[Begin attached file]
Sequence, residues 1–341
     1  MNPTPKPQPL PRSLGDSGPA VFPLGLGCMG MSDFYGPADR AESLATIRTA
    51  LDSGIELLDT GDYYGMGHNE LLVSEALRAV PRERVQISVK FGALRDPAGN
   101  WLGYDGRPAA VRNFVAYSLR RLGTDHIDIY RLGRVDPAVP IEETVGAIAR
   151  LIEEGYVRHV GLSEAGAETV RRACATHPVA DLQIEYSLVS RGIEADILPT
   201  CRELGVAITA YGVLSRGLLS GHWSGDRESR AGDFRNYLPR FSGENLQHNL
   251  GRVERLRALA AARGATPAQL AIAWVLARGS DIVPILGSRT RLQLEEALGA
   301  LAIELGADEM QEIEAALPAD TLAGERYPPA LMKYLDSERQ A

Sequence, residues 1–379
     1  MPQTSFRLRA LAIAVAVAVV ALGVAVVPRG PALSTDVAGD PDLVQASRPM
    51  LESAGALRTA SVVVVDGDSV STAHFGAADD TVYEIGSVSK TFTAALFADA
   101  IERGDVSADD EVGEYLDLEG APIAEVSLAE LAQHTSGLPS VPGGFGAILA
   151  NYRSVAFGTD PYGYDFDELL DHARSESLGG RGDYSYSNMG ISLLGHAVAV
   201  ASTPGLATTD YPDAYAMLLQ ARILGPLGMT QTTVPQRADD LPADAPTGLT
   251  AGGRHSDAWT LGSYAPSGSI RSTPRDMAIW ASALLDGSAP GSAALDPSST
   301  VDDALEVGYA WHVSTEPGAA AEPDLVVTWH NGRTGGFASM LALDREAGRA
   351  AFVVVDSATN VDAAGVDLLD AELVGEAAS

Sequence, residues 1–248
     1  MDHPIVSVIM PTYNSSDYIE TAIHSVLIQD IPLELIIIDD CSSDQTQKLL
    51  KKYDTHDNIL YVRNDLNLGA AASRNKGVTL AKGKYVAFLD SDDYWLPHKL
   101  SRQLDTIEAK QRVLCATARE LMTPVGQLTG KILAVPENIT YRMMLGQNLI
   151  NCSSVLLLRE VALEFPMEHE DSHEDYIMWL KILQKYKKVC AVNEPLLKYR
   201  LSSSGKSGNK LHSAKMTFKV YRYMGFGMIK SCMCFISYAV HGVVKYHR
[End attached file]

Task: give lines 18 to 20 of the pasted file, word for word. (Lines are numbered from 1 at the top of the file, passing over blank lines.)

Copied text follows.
Sequence, residues 1–248
     1  MDHPIVSVIM PTYNSSDYIE TAIHSVLIQD IPLELIIIDD CSSDQTQKLL
    51  KKYDTHDNIL YVRNDLNLGA AASRNKGVTL AKGKYVAFLD SDDYWLPHKL